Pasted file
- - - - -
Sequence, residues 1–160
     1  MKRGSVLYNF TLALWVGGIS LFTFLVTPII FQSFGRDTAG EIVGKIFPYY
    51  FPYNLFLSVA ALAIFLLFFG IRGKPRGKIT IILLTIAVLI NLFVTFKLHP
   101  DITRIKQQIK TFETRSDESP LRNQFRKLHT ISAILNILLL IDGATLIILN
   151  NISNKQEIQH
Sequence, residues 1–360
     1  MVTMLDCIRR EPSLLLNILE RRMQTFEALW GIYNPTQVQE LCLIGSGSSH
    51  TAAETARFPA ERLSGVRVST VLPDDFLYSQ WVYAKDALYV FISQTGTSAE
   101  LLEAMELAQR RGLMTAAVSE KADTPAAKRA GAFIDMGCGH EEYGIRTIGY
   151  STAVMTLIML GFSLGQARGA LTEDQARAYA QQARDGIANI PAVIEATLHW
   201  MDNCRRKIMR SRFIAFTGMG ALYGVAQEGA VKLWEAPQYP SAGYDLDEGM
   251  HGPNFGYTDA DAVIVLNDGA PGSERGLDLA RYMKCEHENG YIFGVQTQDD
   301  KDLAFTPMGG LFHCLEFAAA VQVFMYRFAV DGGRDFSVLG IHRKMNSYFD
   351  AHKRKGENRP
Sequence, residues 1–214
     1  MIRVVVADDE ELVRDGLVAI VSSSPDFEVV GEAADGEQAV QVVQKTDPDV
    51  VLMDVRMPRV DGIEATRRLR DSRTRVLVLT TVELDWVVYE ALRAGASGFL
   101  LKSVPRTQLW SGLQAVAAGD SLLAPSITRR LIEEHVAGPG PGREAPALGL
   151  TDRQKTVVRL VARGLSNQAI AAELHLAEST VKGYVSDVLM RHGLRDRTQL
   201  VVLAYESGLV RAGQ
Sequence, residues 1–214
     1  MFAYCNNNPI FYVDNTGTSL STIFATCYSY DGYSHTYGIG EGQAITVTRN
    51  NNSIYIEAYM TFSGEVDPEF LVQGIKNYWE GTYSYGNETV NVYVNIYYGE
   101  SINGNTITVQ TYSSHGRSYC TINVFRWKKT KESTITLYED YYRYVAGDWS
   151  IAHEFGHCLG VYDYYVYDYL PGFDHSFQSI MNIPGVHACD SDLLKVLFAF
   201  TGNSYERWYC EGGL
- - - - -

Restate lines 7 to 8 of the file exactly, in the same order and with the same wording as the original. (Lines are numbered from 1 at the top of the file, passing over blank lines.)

     1  MVTMLDCIRR EPSLLLNILE RRMQTFEALW GIYNPTQVQE LCLIGSGSSH
    51  TAAETARFPA ERLSGVRVST VLPDDFLYSQ WVYAKDALYV FISQTGTSAE